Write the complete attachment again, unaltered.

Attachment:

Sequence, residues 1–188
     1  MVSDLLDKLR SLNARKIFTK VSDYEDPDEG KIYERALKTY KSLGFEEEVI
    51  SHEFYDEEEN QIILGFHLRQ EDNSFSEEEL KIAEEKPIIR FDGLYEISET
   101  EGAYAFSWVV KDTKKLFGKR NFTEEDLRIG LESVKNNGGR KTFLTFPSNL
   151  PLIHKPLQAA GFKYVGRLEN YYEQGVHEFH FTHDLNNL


Sequence, residues 1–188
     1  MVSDLLDKLR SLNARKIFTK VSDYEDPDEG KIYERALKTY KSLGFEEEVI
    51  SHEFYDEEEN QIILGFHLRQ EDNSFSEEEL KIAEEKPIIR FDGLYEISET
   101  EGAYAFSWVV KDTKKLFGKR NFTEEDLRIG LESVKNNGGR KTFLTFPSNL
   151  PLIHKPLQAA GFKYVGRLEN YYEQGVHEFH FTHDLNNL